'gain knowledge and experience available for the better organization of the schools in which she was personally interested.

"Then came the time when yet larger schemes of benevolence began to occupy her mind. The

! condition of the poor in the hour of sickness, at all times a matter of interest to her when visiting their cottages, led naturally to a consideration of their fate, when consigned to hospitals.

Some casual exposure of neglect and inattention on the part of hospital nurses, led her to consider the advantage of a better training of women for such employments; and the chance perusal of an article in a review on the subject, and with reference especially to an institution in Germany, for the express purpose of training nurses, first led her thoughts and sympathies into the channel where they were henceforth to exercise themselves for life. She felt at once how well such a vocation could employ her own energies and satisfy her yearnings for a wider sphere of usefulness, and saw how the more skilful nursing of the sick might employ many independent and educated women; while at the same time, by qualifying themselves to become nurses, hundreds of poor women might find a remunerative occupation.

"In that year especially, when it may be said that the minds of the whole English people were more than usually bent on excitement and pleasure—in 1851, when the prevalent idea with us all was, bow best to exhibit the material advantages of England, and feast our eyes on the productions of our own and foreign countries—when for a season we were to give ourselves up to sightseeing and social pleasures—in this year Florence Nightingale left her country and pleasant home, to place herself at the institution of Kaiserwerth, in Prussia, in order to train herself for nursing the sick. Here, under the guidance of the Protestant Sisters of Charity, engaged in the superintendence of a large model hospital, she performed her novitiate, employing herself practically in tending the sick, in witnessing and assisting at operations, and in going through a course of study to enable her to pass an examination of no ordinary strictness.

"On her return to England, and on looking round for the most useful sphere in which to exercise her now matured experience, Florence Nightingale found that the establishment called the Ladies' Hospital in Harley street, which had been founded especially for the reception of invalid ladies of small fortune, was in a lingering state for the want of assistance and good management. She at once undertook in it the office of matron, and in a very short time raised it to a condition of efficiency and great usefulness. To attain this, her exertions were unwearied; and she not only applied to it the whole of her time and energies, but forsook every claim which her fortune and position in society might have other

wise made on her. Fashionable society, the pleasures of literature, art, music—all were resigned in the furtherance of her purpose; and this by one whose highly cultivated mind and faculties quickened to an intense appreciation of all that is beautiful and perfect, rendered the sacrifice only the greater. In a plain, yet unpre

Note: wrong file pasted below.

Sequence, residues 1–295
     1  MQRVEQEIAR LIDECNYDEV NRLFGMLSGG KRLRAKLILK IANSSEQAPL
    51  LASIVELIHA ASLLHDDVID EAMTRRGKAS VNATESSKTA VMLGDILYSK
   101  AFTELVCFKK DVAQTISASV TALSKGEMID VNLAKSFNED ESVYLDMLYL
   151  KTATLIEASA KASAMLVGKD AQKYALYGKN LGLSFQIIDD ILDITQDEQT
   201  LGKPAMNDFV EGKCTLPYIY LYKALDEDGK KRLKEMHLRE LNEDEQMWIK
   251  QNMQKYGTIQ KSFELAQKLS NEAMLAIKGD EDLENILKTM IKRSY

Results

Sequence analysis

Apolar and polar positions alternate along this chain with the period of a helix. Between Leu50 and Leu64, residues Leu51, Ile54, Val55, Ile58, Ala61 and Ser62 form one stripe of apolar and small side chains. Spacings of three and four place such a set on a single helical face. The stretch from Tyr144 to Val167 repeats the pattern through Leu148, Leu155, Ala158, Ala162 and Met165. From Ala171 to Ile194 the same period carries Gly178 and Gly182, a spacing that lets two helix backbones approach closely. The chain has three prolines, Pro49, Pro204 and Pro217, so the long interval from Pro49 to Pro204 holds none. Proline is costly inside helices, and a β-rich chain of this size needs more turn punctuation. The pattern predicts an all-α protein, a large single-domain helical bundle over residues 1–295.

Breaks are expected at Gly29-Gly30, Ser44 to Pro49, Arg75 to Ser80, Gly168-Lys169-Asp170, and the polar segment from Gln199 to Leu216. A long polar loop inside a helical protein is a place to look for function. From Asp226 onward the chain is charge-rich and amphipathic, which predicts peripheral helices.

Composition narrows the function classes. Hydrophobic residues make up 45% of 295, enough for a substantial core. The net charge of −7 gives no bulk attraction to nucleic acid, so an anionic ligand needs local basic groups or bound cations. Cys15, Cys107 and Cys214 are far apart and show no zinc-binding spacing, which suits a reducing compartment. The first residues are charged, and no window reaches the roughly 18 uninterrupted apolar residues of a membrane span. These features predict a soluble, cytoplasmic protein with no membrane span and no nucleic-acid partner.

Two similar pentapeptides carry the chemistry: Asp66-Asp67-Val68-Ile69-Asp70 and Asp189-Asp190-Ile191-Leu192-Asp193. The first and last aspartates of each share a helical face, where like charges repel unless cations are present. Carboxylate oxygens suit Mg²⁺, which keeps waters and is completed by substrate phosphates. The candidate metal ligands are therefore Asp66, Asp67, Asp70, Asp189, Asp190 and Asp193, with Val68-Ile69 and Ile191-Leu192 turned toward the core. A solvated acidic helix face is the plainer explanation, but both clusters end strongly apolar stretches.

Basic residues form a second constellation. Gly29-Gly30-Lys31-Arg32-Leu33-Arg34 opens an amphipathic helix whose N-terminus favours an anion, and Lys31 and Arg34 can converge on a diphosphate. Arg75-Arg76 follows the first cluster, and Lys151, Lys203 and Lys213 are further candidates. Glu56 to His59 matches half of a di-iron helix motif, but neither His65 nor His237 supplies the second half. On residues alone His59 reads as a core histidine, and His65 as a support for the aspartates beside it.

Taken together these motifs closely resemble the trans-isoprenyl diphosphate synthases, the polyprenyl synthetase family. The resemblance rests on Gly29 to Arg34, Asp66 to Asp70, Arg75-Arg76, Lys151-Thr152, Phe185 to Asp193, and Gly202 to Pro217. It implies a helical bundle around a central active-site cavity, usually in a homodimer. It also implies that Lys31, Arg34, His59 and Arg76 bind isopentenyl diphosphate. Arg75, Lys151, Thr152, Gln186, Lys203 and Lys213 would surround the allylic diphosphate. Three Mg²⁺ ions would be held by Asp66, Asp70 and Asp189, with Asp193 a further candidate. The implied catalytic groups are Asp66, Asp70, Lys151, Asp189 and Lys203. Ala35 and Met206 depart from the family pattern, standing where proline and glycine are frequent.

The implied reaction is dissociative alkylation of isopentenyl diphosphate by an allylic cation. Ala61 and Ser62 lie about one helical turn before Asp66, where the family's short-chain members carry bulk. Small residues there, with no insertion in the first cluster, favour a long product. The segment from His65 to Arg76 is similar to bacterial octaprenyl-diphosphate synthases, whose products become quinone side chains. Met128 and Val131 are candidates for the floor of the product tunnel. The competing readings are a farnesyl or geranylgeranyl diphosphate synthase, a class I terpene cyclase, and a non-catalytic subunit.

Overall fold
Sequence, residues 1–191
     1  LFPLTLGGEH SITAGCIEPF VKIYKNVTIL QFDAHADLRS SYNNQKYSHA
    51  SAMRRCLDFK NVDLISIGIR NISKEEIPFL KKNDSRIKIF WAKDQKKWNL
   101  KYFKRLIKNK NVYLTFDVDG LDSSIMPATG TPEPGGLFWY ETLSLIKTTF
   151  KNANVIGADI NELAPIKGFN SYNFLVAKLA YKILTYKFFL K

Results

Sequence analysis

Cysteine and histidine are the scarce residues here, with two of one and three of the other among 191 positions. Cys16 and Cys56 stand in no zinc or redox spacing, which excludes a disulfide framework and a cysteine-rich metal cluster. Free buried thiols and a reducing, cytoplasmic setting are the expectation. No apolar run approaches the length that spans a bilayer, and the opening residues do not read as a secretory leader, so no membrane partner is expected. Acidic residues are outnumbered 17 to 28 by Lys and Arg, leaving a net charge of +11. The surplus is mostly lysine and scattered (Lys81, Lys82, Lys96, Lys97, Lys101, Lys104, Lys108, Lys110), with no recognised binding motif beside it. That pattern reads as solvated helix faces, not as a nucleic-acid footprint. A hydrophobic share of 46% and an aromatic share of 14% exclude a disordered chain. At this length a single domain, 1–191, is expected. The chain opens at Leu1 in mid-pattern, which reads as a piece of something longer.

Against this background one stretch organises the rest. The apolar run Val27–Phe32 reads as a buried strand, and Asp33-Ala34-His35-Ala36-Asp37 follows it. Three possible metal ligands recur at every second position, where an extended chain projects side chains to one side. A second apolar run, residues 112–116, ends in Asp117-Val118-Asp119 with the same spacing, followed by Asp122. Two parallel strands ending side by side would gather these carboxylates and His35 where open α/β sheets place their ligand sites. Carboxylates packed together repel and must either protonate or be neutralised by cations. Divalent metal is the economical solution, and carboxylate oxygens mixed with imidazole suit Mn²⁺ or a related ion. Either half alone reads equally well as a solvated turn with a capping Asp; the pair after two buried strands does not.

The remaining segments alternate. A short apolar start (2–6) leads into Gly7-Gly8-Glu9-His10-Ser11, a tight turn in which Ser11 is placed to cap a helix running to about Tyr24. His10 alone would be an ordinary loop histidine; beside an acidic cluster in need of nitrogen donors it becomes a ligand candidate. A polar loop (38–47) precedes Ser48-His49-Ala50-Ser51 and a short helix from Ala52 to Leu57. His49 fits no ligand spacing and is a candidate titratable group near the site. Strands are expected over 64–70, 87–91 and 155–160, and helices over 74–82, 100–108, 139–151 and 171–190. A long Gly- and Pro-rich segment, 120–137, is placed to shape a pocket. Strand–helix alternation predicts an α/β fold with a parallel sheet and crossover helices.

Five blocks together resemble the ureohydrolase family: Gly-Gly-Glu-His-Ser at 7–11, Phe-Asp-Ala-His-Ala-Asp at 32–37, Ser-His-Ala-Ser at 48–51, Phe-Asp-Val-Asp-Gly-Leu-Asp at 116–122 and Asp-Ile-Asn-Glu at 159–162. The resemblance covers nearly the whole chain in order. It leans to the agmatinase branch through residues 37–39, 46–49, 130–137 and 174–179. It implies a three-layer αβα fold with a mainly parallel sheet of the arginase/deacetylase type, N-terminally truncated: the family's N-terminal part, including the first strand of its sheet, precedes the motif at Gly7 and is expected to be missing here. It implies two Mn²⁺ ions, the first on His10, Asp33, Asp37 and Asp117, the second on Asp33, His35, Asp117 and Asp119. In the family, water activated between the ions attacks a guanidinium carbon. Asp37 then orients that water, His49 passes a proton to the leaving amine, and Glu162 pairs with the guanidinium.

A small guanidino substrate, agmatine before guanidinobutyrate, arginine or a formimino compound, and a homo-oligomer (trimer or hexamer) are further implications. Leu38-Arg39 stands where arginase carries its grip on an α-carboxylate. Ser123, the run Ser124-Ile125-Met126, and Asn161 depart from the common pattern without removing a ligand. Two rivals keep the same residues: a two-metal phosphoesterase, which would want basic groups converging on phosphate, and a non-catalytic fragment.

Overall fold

couch of some'suffering invalid, administering the prescribed medicine, smoothing the pillow, supplying little expedients for comfort, or tenderly soothing the irritable mourner; by day, occupied with all the domestic details of a large establishment, enquiring into the symptoms of patients, consulting with medical men on each particular case, and attending to instructions from them, with table covered with prescriptions, letters of application, &c.

"This was her life when the breaking ont of the war with Russia opened to her a yet wider sphere of usefulness. When the need was deeply felt of sending out an efficient staff of nurses to assist in the care of the sick and the wounded, it fortunately happened that the capabilities and acquirements, the fitness, in fact, of Florence Nightingale for taking the lead in the enterprise, was known to some members of the Government, who had the power of appointment in their handa. She was asked to undertake the office of superintendent of the nursing department in the Eastern hospitals, and with little hesitation consented. Accompanied by a large party of paid nurses and lady volunteers selected by her, she proceeded to Scutari, and arrived there at the moment when the disorder and mismanagement in the large hospital there had reached its height, while the sick and wounded were constantly pouring in from the Crimea. Our papers at that time were filled with heart-rending accounts of the horrors which resulted not merely from the inevitable consequences of the war, but also from the inadequate means at band in the hospitals for the relief of the sufferers who came down in shiploads after each bloody engagement. We read of the filth and want of every comfort in the transports which conveyed them from Balaklava to Scutari; of the difficulty in landing the diseased and maimed; of the want of beds, linen, medical stores; of the incapacity of officers; of their absurd adherence to routine and military formalities in the presence of urgent and pressing necessities; and into this chaos of mismanagement and disaster Florence Nightingale and her band of nurses, with a fresh staff of medical officers, had to restore order, decency and comfort. They succeeded in doing this, and, as the result showed, even more than this; for, at the close of the war it was seen that not merely the bodily wants of thousands of our fellow-countrymen were attended to by these good women, but that a high moral influence resulted from their labors. An Irish soldier, in giving his rough testimony to what had been done by Florence Nightingale in the hospital of Scutari, said—' Before she came there was nothing but cussing and swearing, bat afterwards the place was as holy as a church.' In addition to the surgical and medical care which the sick and wounded soldier now received, came a thousand comforts and alleviations around his